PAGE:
Lawmakers are scheduled to be in session until Dec. 16, but resolution and passage of a spending measure to keep the government funded into 2017, the annual national defense authorization act, and the biomedical innovation bill, among a handful of other final legislative items should be finished this week, enabling members to depart Washington, D.C., at the end of this week.

Negotiations over a continuing resolution have been ongoing and press reports indicate congressional leaders are close to a deal that should be ready for a vote this week. Current government funding expires on Dec. 9. Although initial discussions on the CR were focused on a three-month extension of current spending authority into March 2017, leadership now seems to be agreed on extending that authority into April after acknowledging the reality of the congressional calendar. Both chambers are anticipating an active legislative agenda in the first few months of the 115th Congress, and the Senate will be particularly busy with the confirmation process for appointees to the new administration. Republican leadership recognizes that it would be challenging to add an appropriations deadline to the agenda in the first 100 days of the new session. Legislative text has not yet been released, but House leadership indicated on Friday that the text of the spending bill would be ready to permit a vote this week. Although the funding portion is easily crafted, many funding anomalies and various legislative provisions that can be agreed upon must be crafted, making the final drafting of the CR a laborious and time-consuming task.

In addition to the expected consideration of a CR this week, the Senate is set to take up two additional lame duck priorities. Following the successful passage of both the biomedical innovation bill (H.R. 34, the 21st Century Cures Act) and a $619 billion conference report to the National Defense Authorization Act (S. 2943) through the House of Representatives last week, the Senate is now poised to take action on these measures. Senators are scheduled to return on Monday for a procedural vote on the 21st Century Cures Act, legislation that will invest greater resources in medical innovation and speed up the process by which the U.S. Food and Drug Administration approves new drugs and devices. The legislation also includes additional provisions to address the opioid epidemic and to bolster the country’s mental health systems. There is widespread, bipartisan support for the measure, and even though several Senate Democrats have criticized the final version of the bill and announced their opposition, the legislation is expected to see Senate approval this week and be signed into law by the president.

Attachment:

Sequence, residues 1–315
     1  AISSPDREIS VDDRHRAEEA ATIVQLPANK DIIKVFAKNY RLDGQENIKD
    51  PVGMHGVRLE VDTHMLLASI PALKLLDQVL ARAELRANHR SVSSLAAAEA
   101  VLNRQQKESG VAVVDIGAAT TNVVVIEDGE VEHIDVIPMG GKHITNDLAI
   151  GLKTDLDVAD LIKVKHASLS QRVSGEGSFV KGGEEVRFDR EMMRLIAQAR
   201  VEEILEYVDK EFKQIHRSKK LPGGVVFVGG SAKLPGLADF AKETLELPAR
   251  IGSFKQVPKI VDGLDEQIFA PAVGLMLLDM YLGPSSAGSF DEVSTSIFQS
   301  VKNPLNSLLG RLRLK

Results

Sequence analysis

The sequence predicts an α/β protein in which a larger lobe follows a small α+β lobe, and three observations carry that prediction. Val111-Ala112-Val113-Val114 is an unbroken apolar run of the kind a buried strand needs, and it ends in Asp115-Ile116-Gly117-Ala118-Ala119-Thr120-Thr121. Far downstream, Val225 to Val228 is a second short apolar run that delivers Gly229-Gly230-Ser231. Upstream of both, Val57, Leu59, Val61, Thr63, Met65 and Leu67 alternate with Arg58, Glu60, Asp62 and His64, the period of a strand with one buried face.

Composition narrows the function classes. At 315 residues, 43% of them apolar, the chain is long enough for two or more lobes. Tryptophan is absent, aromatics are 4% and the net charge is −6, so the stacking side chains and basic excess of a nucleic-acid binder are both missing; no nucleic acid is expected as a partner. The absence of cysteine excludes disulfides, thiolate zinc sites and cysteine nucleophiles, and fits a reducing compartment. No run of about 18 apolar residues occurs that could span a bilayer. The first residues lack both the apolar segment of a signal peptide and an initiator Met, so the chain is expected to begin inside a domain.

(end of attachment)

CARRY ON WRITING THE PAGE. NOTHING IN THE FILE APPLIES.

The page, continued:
Once the 21st Century Cures Act has been dispensed with, the Senate will begin consideration of the conference report to the National Defense Authorization Act, which passed the House last Friday by a vote of 375-34. This legislation provides an additional $8 billion in funding for overseas contingency operations and readiness shortfalls and covers the $5.8 billion supplemental request sent by the president to Congress in November. It also includes a 2.1 percent pay raise for U.S. troops. The funding in the bill is simply an authorization, and defense hawks have been critical of the CR strategy that congressional leaders have been pursuing because a CR will not provide the military with all of the funds authorized by this bill

The House is scheduled to convene again on Monday when it will take up six bills under suspension of the rules, including S. 1635, legislation authorizing the activities of the Department of State for FY 2017.

On Tuesday, members will consider a suspension package consisting of 21 bills, reported out of the Energy and Commerce, the Natural Resources, or the Veterans Affairs Committees.

On Wednesday and during the remainder of the week it is possible for the House to take up additional measures under suspension of the rules. Also expected for floor consideration is H.R. 5143, the Transparent Insurance Standards Act of 2016. The legislation would require the Treasury Department and Federal Reserve to provide additional reports to Congress on international negotiations regarding regulatory standards in the insurance industry. Chief sponsor of the bill, Rep. Blaine Luetkemeyer, R-Mo., chairman of the House Financial Service Committee’s Housing and Insurance Subcommittee, stated the bill is intended to “increase transparency and strengthen Congress’ role in supervising foreign standards setting organizations.” Consideration of H.R. 5143 will be subject to a rule. Finally, the House will tackle the CR when it becomes available.